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If the first half of the 2015-2016 NBA season can prove anything it's that injuries happen. Often.

Eric Bledsoe and Jarrett Jack, some of the bigger names, and Daily Fantasy favorites, have been shelved for the season, while Mr. Lob City, Blake Griffin, has missed an extend amount of time as the timetable for his return is still in question after his recent Mayweather-like impression during practice. Plenty of questions emerged in the wake of their absences.

Does this mean Brandon Knight is a sure thing now?

Should I pick Shane Larkin or Donald Sloan? Which one will start? Who will play more minutes?

Will Chris Paul benefit the most from Griffin's absence, or will DeAndre Jordan?

These are all warranted, for sure, so we can start here, before addressing other questions that should be asked, and answered, in the case of unexpected injuries.

Now, the Phoenix Suns weren't exactly contenders with Eric Bledsoe in the lineup, as they were 12-18 in games he started before being sidelined with a torn meniscus in his knee. Considering the Suns currently stand at 14-31, winning just two games since, I'd say his loss and his 20 20-plus point performances in 30 contests are direly missed on the court. In the midst of his own battle with injuries, Brandon Knight hasn't done anything spectacular filling in for his fellow backcourt mate, but was the automatic go-to option once Bledsoe went down.

Knight has strung together a couple of solid performances, but the problem with relying heavily on him is that 1) He plays better with Bledsoe in the lineup, shown by his stats earlier in the season (16 20-plus point performances before to five after Bledsoe's injury, including a triple double, three double-double's, and three 30-point showings) 2) Knight was heavily owned, cancelling out his hopeful performances, especially in head-to-heads.

So instead of looking to the Suns' second best player, why don't we check out who's replacing Bledsoe, and other unlikely producers on the court around him. Devin Booker, Bledsoe's replacement at the two-spot, has averaged a little over 16 points a game since Bledsoe went down; especially productive for his lower, more affordable price. Archie Goodwin, third-string shooting guard, has recently emerged with two straight 20-point performances. And that's really all there is to say about the Suns.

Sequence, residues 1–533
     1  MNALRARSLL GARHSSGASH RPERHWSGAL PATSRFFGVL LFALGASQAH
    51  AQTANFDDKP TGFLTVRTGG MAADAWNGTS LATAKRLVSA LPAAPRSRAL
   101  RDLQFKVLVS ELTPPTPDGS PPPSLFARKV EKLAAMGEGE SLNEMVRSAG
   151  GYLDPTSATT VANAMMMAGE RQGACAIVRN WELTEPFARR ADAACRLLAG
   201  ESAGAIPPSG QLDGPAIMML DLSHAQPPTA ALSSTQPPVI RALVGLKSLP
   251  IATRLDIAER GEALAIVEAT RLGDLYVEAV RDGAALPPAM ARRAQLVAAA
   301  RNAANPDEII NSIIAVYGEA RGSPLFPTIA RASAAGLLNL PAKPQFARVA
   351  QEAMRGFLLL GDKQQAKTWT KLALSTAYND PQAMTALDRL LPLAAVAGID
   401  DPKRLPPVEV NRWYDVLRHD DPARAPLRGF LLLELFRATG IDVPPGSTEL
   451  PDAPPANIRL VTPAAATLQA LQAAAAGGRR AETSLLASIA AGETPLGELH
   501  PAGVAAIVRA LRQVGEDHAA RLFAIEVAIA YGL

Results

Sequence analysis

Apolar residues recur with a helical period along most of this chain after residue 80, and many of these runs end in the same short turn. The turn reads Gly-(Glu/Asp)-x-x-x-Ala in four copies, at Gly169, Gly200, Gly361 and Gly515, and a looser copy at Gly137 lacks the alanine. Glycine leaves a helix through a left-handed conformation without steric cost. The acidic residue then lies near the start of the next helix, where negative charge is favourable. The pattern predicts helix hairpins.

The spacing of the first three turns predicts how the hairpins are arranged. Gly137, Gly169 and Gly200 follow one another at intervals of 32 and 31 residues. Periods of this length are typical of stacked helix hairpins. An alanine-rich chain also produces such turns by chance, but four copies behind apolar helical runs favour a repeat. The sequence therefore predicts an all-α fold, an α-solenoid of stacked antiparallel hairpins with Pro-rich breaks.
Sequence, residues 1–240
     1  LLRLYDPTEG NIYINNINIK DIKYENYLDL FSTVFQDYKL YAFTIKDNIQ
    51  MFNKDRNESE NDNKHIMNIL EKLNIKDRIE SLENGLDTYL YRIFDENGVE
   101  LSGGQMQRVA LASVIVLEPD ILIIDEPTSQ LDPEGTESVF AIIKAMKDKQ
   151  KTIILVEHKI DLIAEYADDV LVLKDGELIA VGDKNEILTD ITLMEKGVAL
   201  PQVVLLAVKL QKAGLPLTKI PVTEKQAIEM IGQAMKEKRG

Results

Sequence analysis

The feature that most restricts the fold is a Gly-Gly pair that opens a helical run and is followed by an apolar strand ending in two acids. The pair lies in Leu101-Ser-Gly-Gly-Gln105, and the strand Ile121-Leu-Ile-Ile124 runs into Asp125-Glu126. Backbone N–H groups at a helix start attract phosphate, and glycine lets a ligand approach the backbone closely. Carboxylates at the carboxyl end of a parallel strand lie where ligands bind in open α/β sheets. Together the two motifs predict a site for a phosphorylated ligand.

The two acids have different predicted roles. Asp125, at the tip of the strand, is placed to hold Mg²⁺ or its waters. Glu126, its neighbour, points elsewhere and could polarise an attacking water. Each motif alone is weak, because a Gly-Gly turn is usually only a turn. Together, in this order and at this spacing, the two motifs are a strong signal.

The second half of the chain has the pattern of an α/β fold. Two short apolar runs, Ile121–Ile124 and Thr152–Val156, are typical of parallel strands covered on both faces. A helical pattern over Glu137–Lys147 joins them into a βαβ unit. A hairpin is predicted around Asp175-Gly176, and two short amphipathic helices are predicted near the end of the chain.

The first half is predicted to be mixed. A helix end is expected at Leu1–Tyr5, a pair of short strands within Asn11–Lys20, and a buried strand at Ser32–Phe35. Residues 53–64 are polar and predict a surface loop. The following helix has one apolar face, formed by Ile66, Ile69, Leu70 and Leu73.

Of course this isn't always the case, but now let's look at one scenario where two, young, unestablished point guards step in for a seasoned veteran.

In 12 games without Jarret Jack this season, the Brooklyn Nets have gone 2-10, rounding their record out to 12-33. But they have been able to showcase two of their potentially promising guards, Shane Larkin and Donald Sloan. They're both very cheap in DFS, and not necessarily threats, but both could give your lineup a boost. Although the question to be asked is: which one? There really is no clear favorite here, as both have performed sporadically, as both have appeared to emerge as the favorite at times, despite who starts or comes off the bench. In this situation, it's best to pay attention to the trends, to who's been getting the ball more. Sloan has been playing more minutes, but that doesn't always equate to better stat lines for Daily Fantasy. So when dealing with an injury in this situation, observe who can sprinkle more stats, the assists, rebounds, and steals, into more categories.

When it comes to Blake Griffin missing an extended amount of court-time, it becomes a bit easier. Good problems arise. For Griffin's case, it's not a matter of if Paul or Jordan will shine, it's more so who will shine brighter. Which would then fall on situational matters, matchups, and what team gives up more fantasy points to their respective positions.

Side-stepping away from these three examples, let's move out from within, away from inner-team matters, and focus on how else we could benefit from injuries, how else we can manage our lineups in wake of them.

It's also important to pay attention to who the injured player's team is facing. With a star held out of action, plenty of doors open to take advantage of that leak in both offense and defense. For example, Hassan Whiteside, center of the Miami Heat, recently missed a game against the Chicago Bulls. The intriguing play here would be Pau Gasol, the opposing center, who happened to drop 19 points and grabbed 17 rebounds, along with two assists and two blocks in the loss, resulting in close to 50 fantasy points. Miami is weak at the center position behind Whiteside, so the right move would be staying away from any replacements. The best bet is to study a team's depth chart, and go from there.

It's pretty obvious to jump on players that'll likely see a boost in minutes because of an injury. And that's a productive strategy as well. But the team they're playing against, especially if good, will most of the time remain the same, as backups are now called upon to shut down starters.

Injuries are inevitable. But instead of letting them hurt us as well, let's use them to better our lineups.